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Victims of Dhaka Cafe Attack

Nikolai Sorokin / Dollar Photo Club

Victims of Dhaka Cafe Attack

Two police officers and 20 hostages were killed by terrorists during an attack on a café in Dhaka, Bangladesh, July 1, 2016, according to multiple news sources.

The gunmen stormed the Holey Artisan Bakery in Dhaka, the capital of Bangladesh, Friday evening. They took over 30 hostages and exchanged gunfire with security forces. Law enforcement officials confirmed that two police officers were killed during the shootout. The gunmen also reportedly used explosives such as grenades during the fight.

The siege lasted 11 hours and ended when Bangladeshi troops stormed the café, freeing 13 hostages and finding the bodies of 20 hostages who had been killed with sharp-edged weapons.

The Holey Artisan Bakery is a popular café with young people and Westerners living in and visiting Dhaka, according to CNN. It is located in an area of the capital city close to many foreign embassies. The attack comes during the month of Ramadan when Muslims fast during the day and eat their meals at night, which may have been a factor in the restaurant becoming a target.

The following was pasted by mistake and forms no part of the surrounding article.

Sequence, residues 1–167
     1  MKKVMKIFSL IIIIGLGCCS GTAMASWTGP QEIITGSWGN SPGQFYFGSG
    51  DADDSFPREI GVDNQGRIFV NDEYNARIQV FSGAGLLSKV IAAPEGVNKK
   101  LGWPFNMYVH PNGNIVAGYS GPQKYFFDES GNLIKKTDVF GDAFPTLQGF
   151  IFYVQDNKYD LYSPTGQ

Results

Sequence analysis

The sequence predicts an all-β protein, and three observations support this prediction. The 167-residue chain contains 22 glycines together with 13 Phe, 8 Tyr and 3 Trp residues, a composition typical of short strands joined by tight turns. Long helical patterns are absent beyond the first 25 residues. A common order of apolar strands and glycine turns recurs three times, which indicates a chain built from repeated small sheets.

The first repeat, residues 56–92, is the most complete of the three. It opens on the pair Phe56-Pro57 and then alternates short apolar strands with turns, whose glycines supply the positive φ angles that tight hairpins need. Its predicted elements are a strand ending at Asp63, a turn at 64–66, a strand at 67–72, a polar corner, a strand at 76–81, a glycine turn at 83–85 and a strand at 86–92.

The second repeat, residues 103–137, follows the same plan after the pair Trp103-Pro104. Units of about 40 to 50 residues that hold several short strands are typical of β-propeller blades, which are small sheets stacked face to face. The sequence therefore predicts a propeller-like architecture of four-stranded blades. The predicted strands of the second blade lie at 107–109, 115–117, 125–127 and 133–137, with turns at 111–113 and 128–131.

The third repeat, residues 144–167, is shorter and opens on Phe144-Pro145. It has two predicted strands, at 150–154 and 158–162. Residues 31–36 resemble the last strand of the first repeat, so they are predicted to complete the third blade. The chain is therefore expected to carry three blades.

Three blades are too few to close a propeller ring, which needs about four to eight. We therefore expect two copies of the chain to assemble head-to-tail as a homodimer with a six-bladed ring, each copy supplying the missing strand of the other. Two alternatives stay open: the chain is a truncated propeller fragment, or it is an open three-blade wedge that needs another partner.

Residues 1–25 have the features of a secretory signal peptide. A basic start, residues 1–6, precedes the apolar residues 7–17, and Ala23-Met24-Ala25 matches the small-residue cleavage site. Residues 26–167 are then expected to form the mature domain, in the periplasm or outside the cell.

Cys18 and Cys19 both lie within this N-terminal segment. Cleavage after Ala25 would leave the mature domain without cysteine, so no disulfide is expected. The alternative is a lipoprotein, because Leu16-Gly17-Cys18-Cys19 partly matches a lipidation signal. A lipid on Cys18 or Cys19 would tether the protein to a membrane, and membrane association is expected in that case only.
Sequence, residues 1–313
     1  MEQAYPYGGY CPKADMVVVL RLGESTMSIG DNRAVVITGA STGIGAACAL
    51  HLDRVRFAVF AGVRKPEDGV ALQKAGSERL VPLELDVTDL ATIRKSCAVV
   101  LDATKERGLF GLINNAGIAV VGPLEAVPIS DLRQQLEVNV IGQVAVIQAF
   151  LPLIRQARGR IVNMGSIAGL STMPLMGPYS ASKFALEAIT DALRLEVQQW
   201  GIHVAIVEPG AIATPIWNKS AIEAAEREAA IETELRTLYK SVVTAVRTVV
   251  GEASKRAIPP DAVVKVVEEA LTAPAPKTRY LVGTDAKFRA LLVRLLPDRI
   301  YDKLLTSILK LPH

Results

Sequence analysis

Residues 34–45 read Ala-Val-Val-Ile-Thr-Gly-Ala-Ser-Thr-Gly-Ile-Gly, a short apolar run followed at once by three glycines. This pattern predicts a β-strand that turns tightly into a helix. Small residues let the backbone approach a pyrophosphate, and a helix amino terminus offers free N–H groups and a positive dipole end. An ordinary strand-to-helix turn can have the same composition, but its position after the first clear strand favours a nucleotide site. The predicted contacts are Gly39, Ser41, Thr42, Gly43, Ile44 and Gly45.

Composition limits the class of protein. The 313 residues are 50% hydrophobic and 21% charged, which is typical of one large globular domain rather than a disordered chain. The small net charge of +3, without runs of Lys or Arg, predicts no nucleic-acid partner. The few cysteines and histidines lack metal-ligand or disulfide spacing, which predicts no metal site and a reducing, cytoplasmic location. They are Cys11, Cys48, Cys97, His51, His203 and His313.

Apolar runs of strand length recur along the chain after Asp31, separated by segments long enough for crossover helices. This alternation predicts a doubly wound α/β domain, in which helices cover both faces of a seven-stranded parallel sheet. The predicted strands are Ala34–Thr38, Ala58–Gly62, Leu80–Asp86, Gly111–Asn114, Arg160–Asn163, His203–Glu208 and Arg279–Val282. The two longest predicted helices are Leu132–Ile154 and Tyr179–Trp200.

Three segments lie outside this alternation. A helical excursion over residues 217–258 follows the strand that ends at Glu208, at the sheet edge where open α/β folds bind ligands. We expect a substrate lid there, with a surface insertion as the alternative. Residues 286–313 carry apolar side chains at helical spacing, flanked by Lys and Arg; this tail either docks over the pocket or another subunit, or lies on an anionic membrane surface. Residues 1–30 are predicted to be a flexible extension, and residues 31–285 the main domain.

ISIS claimed responsibility for the attack through its media outlet, Amaq News Agency. However, U.S. officials suspect that al-Qaida in the Indian subcontinent may have been involved. The two extremist groups have been competing for influence in Bangladesh.

Over 170 million people live in Bangladesh, which is bordered by India and Myanmar in southern Asia. The Muslim-majority nation has seen an increase in militant activity in recent years. These attacks have targeted minority groups as well as others who speak critically of Islam.

The Bangladeshi-American blogger and activist Avijit Roy was murdered, and his wife severely injured by extremists in February 2015. Earlier on Friday, a 52-year-old Hindu priest was killed at his temple.

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